A Sri Lankan doctor has been found guilty of sexually assaulting a vulnerable patient at a West Australian regional hospital, after arguing it was a case of mistaken identity, the Canberra Times reported.
Priyantha Padmika Dayananda, 49, was charged with sexual penetration without consent, after the woman claimed a doctor molested her during an abdominal examination at Bunbury Hospital’s emergency department in December 2017. She said he closed the cubicle curtains behind him, pulled up her dress and brassiere, and inserted his hand into her underwear.
The woman, who has a history of trauma, said she ran from the hospital as fast as she could without discharging herself and took a taxi home. He called and text her several times for the next five to six weeks, with one message reading: “Remember I touched your beautiful tummy at emergency”.
The woman also said he had paid “special attention” when she was in hospital for a fortnight recuperating from surgery in October that year, suggesting they “meet up” and stroking her hair.
The District Court of WA heard she believed he had a long, difficult to pronounce surname, recognised his voice when he called days after the emergency department incident and believed he was an Indian because of his accent.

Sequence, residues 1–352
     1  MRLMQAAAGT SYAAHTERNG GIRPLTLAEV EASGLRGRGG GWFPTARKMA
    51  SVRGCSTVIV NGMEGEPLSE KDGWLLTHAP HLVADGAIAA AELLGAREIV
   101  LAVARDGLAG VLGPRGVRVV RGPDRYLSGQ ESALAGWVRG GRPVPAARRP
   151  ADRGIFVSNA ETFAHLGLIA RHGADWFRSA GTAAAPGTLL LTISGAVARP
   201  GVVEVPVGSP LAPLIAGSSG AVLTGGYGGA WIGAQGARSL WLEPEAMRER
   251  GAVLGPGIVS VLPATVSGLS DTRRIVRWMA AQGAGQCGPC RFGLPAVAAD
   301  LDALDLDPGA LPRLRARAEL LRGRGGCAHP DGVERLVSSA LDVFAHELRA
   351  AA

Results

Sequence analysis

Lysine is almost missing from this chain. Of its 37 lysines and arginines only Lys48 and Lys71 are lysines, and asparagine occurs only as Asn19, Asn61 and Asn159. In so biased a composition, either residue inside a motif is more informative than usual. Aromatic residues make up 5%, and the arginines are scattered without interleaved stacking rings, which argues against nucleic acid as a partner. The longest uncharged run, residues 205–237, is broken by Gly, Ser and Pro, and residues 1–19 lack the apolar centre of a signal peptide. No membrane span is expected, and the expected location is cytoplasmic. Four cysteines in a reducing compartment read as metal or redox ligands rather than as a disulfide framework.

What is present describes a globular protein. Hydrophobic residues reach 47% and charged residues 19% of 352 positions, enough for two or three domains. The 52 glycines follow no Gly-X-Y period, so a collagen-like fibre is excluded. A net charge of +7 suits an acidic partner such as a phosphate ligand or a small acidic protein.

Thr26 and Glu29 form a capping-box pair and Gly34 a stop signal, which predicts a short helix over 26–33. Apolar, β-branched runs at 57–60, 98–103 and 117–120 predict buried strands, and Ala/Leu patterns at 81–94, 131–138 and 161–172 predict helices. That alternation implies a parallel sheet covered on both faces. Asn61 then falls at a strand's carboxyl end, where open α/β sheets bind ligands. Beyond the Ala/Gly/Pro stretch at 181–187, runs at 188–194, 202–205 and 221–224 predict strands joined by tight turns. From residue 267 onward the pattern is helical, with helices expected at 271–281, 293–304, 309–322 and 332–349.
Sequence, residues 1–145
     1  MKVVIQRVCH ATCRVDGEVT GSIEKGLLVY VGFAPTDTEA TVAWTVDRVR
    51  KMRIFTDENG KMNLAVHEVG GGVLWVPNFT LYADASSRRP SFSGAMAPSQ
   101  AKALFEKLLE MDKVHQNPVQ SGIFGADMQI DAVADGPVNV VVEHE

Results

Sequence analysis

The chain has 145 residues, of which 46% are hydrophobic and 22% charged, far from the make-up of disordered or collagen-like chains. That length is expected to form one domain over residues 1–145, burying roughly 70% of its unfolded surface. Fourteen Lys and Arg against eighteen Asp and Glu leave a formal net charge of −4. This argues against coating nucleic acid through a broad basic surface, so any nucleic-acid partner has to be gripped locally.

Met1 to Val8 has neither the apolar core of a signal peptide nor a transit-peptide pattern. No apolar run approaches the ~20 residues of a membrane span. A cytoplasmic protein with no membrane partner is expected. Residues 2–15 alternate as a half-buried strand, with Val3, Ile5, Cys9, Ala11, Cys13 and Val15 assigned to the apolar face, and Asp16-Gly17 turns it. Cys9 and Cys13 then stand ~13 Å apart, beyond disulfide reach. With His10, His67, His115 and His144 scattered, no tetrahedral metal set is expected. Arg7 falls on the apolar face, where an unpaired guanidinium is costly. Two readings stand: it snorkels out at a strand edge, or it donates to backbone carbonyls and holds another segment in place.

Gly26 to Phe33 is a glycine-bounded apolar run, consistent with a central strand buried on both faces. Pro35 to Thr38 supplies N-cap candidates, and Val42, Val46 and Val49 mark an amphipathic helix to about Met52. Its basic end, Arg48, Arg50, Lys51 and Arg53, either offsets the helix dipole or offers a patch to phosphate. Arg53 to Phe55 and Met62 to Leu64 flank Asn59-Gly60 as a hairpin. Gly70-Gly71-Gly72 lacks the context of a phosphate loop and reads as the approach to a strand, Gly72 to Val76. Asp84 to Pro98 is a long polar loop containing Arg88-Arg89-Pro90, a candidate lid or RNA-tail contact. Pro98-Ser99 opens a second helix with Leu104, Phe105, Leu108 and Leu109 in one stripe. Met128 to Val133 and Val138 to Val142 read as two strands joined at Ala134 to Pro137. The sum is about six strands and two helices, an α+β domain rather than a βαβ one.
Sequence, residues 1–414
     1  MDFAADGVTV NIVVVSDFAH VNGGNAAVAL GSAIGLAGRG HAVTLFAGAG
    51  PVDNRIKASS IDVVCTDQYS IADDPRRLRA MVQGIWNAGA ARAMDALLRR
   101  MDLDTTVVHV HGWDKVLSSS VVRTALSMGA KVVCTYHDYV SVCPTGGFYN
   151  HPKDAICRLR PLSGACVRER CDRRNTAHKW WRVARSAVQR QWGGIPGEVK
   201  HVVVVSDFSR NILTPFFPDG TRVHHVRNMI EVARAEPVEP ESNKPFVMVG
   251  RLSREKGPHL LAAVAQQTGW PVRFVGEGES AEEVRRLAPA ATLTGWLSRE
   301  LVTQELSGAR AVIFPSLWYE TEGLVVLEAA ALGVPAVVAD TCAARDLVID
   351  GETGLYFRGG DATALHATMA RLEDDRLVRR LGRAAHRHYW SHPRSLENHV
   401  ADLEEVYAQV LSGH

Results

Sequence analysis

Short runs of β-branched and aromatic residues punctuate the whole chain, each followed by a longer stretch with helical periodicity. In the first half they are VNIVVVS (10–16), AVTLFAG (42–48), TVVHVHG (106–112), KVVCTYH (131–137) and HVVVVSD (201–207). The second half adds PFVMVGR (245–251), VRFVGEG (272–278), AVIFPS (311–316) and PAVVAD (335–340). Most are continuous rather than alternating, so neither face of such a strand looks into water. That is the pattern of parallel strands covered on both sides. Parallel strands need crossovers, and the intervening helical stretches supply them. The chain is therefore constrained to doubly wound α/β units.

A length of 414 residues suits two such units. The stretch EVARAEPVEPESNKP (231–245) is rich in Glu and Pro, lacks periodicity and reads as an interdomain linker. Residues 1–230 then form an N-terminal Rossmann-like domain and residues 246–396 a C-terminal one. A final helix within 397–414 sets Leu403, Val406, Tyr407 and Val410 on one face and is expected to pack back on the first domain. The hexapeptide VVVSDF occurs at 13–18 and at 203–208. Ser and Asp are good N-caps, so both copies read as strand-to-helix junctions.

She saved his number in her phone under “sleaziest, slyest doctor”. After she complained, a hospital staff member asked her to point him out from a selection of photographs of the male doctors, but she swiftly selected a different doctor. She was encouraged to look again and selected the same man.
Defence Counsel Simon Watters accused that doctor, from Pakistan, of being the offender, which he denied. Prosecutor Joel Grinceri said the woman simply made an error.
In video footage of his police interview, Dayananda told detectives he didn’t and wouldn’t inappropriately touch “a girl like that” because he didn’t find her attractive, she could have diseases and he had a wife. The father of one, also denied sending the woman text messages, but could not explain how they had been sent from his phone. Dayananda said the woman made no advances to him but he found her “not normal ... a troublesome one”.
The jury deliberated for almost 10 hours, and was at one point deadlocked, before delivering a guilty verdict on Wednesday afternoon.
Mr. Grinceri said the offence was a gross breach of trust involving a degree of grooming.
Judge Belinda Lonsdale said Dayananda likely faced an immediate term of imprisonment, but granted him bail on strict conditions including daily appearances at a police station.
He must also pay a personal undertaking of $10,000 and a surety of the same amount.
Dayananda will be sentenced on June 21.
(Australian Associated Press)